The film also features scenes in which characters practice with, and later use, a variety of weapons, including bladed weapons and bows and arrows. The Guidelines at '12A'/'12' state 'Easily accessible weapons should not be glamorised'. When the film was seen for advice, in an incomplete version, the BBFC informed the company that one scene of knife threat in which a blade is sadistically held to a character's face, should be removed for the requested '12A'. That scene has been reinstated in this version and the film is therefore more appropriately classified at '15'. In terms of the other scenes that were present in the cinema version, there is no glamorisation of weapons, which are generally used by the 'bad' characters rather than by the heroes. The futuristic and fantastical setting further distances the use of weapons in THE HUNGER GAMES from the use of weapons in a credible real world setting.

Inevitably given the narrative, there is a certain sense of threat hanging over the central characters from the start of the film. They know they will have to take part in an event that they may not survive. However, this underlying sense of threat is not realised until the second half of the film, in which the 'game' begins. Even when the 'game' commences, this sense of threat is broken up by other episodes and there is a strong emphasis placed on the ingenuity of the central character in hiding herself or working with other competitors in order to survive. The central character does not initiate violence and a clear distinction is made between the 'bad' characters who are prepared to use violence in order to win and the 'good' characters who avoid conflict. The sense of threat is further reduced by the developing relationship between Katniss and the other tribute from her sector, for whom she begins to develop feelings. We also see the development of a mutually supportive relationship between Katniss and another female competitor. The Guidelines at '12A'/'12' state 'Moderate physical and psychological threat may be permitted, provided disturbing sequences are not frequent or sustained'. The sequences of threat would have been permissible at '12', in line with the '12A' cinema version, given that the more threatening sequences are well broken up by other material and are not individually sustained.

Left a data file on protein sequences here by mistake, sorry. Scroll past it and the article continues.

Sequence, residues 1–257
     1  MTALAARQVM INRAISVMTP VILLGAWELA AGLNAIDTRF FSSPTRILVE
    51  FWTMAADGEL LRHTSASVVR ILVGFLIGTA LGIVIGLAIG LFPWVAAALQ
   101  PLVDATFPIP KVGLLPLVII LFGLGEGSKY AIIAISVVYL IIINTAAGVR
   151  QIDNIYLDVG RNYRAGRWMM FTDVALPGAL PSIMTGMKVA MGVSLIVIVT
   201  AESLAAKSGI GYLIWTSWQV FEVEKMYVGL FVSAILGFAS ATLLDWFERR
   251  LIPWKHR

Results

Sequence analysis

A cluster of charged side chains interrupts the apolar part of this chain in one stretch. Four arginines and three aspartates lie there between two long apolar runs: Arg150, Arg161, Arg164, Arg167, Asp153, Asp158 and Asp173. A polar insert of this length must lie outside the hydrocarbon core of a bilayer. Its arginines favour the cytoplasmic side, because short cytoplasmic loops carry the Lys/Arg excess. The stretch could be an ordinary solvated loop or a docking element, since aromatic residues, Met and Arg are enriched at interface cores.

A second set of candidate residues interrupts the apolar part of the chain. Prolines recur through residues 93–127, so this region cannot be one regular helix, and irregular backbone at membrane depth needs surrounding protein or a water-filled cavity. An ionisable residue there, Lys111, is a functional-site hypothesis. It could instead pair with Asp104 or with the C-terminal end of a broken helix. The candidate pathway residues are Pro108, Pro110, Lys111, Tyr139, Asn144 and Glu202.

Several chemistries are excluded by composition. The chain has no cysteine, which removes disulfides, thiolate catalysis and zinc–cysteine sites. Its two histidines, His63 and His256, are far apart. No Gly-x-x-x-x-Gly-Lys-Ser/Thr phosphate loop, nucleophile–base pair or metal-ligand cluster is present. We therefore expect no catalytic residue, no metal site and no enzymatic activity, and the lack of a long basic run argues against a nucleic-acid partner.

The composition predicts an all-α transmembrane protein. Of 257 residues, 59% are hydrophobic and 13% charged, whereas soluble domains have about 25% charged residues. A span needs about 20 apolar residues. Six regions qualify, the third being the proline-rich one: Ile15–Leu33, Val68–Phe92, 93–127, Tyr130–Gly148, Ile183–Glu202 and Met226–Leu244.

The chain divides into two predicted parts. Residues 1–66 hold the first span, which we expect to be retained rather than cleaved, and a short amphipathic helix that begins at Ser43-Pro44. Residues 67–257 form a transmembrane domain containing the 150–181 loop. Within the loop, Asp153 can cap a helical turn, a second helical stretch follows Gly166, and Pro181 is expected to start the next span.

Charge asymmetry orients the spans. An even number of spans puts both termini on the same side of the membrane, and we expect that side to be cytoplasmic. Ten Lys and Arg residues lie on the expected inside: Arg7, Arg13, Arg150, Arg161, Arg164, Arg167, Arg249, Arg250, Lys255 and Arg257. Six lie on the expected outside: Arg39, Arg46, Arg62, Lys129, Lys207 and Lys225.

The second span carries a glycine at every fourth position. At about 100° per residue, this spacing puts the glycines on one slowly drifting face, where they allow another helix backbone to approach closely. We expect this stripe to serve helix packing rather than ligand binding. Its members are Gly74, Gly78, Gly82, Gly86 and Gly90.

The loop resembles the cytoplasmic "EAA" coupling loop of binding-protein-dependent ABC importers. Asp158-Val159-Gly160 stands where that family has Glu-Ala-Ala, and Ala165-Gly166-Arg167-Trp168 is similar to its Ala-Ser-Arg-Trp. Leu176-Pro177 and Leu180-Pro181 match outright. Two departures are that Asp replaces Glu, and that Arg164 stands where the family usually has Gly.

In one scene, the participants are attacked by wasp-like creatures that inject powerful hallucinogens into their victims. This results in Katniss experiencing hallucinations, which are vividly depicted. However, there is no deliberate use of drugs in the film.

Details

Title
THE HUNGER GAMES
Title Information
INTERNATIONAL CUT
Year
2012
Distributor(s)
Lions Gate Home Entertainment UK Ltd
Classified date(s)
24/05/2012
Main language
English
Submitted run time
136m 38s
BBFC reference
BVF284121

Components List

This work is made up of a number of separate components. Note that since February 2001 the BBFC has measured each component separately, but older works may not have the exact details, only a list of titles

02:16:37:21
THE HUNGER GAMES

Rating information

The version of this work detailed above is rated by the BBFC under the Video Recordings Act 1984 for use on any Packaged Media format (including DVD, Blu-ray and VHS). This classification may also be used when the same work is made available on Digital Video Platforms (including Video On Demand) provided that the platform is licenced to use BBFC ratings.